First published in the AAC student magazine titled "At The Lennon Wall"
ANGLO-AMERICAN COLLEGE IN PRAGUE (B)
Mark Andersen, Anglo-American College
Joan Winn, University of Denver
Case Objectives and Use
This case is intended for an undergraduate course in management or organizational behavior. This case can also be used in a course on entrepreneurship or conflict management. The case is positioned to discuss the managerial and organizational skills needed to bring a company through the stages of start-up, stabilization, and growth. Interpersonal and inter-group conflicts permeate the case, first as the young organization's needs exceed the skills of its young founder, and then with conflicting managerial styles and perspectives as various individuals vie for power. Cultural differences play a subtle role, as the differences in style between British, American, and Czech managers exacerbate differences in individual style. The lack of staff permanence and continuity, financial stability or predictability, and managerial and leadership competence have threatened the survival of the organization. The case focuses on the growth and development of an American-style college in Prague and the successes and conflicts among the management team. This case is based on field research, in cooperation with the host organization.
The Anglo-American College in Prague (AAC) was started in 1991, shortly after the Velvet Revolution ushered in the Czech Republic's new era of independence and market-driven competitiveness. The underfunded state universities' inability to supply the multinational companies' desires for English-speaking managers and employees, provided the opportunity for new providers of university-level education. AAC had no trouble attracting students and faculty, but sparse funding kept its administrative staff lean and facilities and student support services poor. Jansen Raichl, AAC's founder and visionary, had kept AAC afloat with a combination of personal control, financial support, and hard work. Despite his efforts, student and faculty discontent reached crisis proportions during the spring semester of 1994. Most of the founding board left to start a new, competing college and subsequent disagreements among the remaining faculty and administration resulted in changes in leadership and a reorganization of the governing board and administrative functions of the college.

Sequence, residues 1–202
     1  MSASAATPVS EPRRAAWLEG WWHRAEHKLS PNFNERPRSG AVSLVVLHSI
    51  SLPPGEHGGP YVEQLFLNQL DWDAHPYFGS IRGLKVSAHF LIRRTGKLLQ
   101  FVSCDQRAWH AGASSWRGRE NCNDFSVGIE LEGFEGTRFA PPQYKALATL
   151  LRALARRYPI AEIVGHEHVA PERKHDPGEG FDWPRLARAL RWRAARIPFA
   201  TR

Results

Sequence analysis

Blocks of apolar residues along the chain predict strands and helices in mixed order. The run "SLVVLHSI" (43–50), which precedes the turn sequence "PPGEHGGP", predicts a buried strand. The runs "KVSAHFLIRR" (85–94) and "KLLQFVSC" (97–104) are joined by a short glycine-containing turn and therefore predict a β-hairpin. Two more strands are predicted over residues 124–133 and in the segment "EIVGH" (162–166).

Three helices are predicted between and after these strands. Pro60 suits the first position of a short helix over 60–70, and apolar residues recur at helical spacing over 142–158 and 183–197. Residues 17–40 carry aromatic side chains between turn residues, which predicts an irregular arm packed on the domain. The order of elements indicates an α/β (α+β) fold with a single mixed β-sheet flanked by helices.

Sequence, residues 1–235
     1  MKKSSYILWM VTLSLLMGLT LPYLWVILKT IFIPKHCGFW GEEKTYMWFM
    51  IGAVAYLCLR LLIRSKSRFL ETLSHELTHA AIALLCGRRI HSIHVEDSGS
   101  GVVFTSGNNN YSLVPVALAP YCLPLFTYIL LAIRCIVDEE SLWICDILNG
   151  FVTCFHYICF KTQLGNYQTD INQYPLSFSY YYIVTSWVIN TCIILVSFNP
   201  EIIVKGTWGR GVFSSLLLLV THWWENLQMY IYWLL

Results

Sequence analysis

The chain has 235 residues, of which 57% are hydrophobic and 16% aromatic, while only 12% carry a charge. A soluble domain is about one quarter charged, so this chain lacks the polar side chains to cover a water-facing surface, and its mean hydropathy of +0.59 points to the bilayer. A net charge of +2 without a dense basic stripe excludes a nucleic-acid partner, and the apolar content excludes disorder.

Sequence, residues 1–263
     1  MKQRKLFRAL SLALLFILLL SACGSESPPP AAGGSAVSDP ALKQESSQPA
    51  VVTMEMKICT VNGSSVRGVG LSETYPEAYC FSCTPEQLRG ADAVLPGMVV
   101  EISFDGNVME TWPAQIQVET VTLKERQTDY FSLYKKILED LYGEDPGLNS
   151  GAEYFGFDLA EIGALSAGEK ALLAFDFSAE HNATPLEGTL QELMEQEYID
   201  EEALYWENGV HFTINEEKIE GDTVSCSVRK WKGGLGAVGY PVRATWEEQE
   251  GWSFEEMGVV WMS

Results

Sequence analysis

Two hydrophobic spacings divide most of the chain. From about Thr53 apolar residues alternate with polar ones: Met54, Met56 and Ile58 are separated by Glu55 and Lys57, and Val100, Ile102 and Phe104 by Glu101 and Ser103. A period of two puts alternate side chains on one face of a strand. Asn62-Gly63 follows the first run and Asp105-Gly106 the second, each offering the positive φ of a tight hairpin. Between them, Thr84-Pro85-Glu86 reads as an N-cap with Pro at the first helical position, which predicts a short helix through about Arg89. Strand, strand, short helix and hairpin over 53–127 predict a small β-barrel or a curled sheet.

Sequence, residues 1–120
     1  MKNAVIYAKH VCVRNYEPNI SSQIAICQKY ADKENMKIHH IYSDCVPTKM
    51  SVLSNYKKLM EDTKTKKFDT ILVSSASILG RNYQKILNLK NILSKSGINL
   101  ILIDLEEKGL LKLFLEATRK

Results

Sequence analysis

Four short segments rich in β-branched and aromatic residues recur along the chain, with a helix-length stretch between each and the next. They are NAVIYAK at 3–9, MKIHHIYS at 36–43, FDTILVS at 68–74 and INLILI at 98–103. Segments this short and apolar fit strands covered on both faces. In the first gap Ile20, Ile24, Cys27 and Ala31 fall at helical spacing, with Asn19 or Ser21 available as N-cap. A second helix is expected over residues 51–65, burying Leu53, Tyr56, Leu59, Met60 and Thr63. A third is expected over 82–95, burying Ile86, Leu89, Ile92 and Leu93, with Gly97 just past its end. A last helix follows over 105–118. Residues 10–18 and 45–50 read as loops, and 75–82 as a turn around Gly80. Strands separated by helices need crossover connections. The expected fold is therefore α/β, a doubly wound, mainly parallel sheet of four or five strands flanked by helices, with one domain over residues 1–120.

This case chronicles AAC's turnaround from 1994 through 1996, and highlights
the pulling together of the administration, faculty and students to save the
college. The hiring of a new Administrative Director and the acquisition of a
permanent building brought renewed enthusiasm and cohesiveness among the faculty
and students. Aggressive fundraising efforts enabled AAC to reopen its doors
with better equipment, a library, and computers. The deft negotiations skills of
AAC's new Administrative Director are contrasted with his secretive and
controlling management style. Further management difficulties prompted another
round of faculty and student unrest, and a move by the executive committee to
oust the Director who had been so pivotal in AAC's turnaround just two years
Contact Person: Joan Winn, University of Denver, Daniels College of Business, Denver, CO 80208, 303-871-2192, fax 303-871-2294, internet: email@example.com.